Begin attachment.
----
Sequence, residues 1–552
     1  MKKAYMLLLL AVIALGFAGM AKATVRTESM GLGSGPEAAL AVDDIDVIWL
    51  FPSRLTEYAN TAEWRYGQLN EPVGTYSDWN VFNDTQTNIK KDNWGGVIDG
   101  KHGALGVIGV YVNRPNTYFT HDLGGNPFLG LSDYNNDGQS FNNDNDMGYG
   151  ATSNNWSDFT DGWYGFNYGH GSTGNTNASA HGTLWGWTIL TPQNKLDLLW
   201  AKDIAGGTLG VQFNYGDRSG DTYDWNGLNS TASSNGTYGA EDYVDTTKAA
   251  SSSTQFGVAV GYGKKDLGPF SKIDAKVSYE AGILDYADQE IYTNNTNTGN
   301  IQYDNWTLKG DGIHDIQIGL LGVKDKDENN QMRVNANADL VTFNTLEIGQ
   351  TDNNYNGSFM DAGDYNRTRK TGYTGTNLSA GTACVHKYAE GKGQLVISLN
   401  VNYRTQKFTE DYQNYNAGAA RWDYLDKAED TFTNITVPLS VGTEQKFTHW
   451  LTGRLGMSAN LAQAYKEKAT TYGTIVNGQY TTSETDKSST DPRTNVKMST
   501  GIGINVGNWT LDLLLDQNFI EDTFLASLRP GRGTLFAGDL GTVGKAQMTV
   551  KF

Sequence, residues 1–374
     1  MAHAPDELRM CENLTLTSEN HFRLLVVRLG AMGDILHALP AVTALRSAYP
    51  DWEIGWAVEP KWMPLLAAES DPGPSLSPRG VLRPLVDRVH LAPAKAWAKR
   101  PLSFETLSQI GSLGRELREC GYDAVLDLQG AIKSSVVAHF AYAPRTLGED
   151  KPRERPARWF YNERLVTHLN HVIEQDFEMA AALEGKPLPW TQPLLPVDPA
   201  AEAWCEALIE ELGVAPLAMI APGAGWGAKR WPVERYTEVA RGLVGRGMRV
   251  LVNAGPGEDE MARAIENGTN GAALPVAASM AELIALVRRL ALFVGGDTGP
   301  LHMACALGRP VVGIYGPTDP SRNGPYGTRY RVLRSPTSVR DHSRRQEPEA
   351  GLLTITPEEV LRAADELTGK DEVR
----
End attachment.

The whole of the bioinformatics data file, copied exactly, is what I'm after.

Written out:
Sequence, residues 1–552
     1  MKKAYMLLLL AVIALGFAGM AKATVRTESM GLGSGPEAAL AVDDIDVIWL
    51  FPSRLTEYAN TAEWRYGQLN EPVGTYSDWN VFNDTQTNIK KDNWGGVIDG
   101  KHGALGVIGV YVNRPNTYFT HDLGGNPFLG LSDYNNDGQS FNNDNDMGYG
   151  ATSNNWSDFT DGWYGFNYGH GSTGNTNASA HGTLWGWTIL TPQNKLDLLW
   201  AKDIAGGTLG VQFNYGDRSG DTYDWNGLNS TASSNGTYGA EDYVDTTKAA
   251  SSSTQFGVAV GYGKKDLGPF SKIDAKVSYE AGILDYADQE IYTNNTNTGN
   301  IQYDNWTLKG DGIHDIQIGL LGVKDKDENN QMRVNANADL VTFNTLEIGQ
   351  TDNNYNGSFM DAGDYNRTRK TGYTGTNLSA GTACVHKYAE GKGQLVISLN
   401  VNYRTQKFTE DYQNYNAGAA RWDYLDKAED TFTNITVPLS VGTEQKFTHW
   451  LTGRLGMSAN LAQAYKEKAT TYGTIVNGQY TTSETDKSST DPRTNVKMST
   501  GIGINVGNWT LDLLLDQNFI EDTFLASLRP GRGTLFAGDL GTVGKAQMTV
   551  KF

Sequence, residues 1–374
     1  MAHAPDELRM CENLTLTSEN HFRLLVVRLG AMGDILHALP AVTALRSAYP
    51  DWEIGWAVEP KWMPLLAAES DPGPSLSPRG VLRPLVDRVH LAPAKAWAKR
   101  PLSFETLSQI GSLGRELREC GYDAVLDLQG AIKSSVVAHF AYAPRTLGED
   151  KPRERPARWF YNERLVTHLN HVIEQDFEMA AALEGKPLPW TQPLLPVDPA
   201  AEAWCEALIE ELGVAPLAMI APGAGWGAKR WPVERYTEVA RGLVGRGMRV
   251  LVNAGPGEDE MARAIENGTN GAALPVAASM AELIALVRRL ALFVGGDTGP
   301  LHMACALGRP VVGIYGPTDP SRNGPYGTRY RVLRSPTSVR DHSRRQEPEA
   351  GLLTITPEEV LRAADELTGK DEVR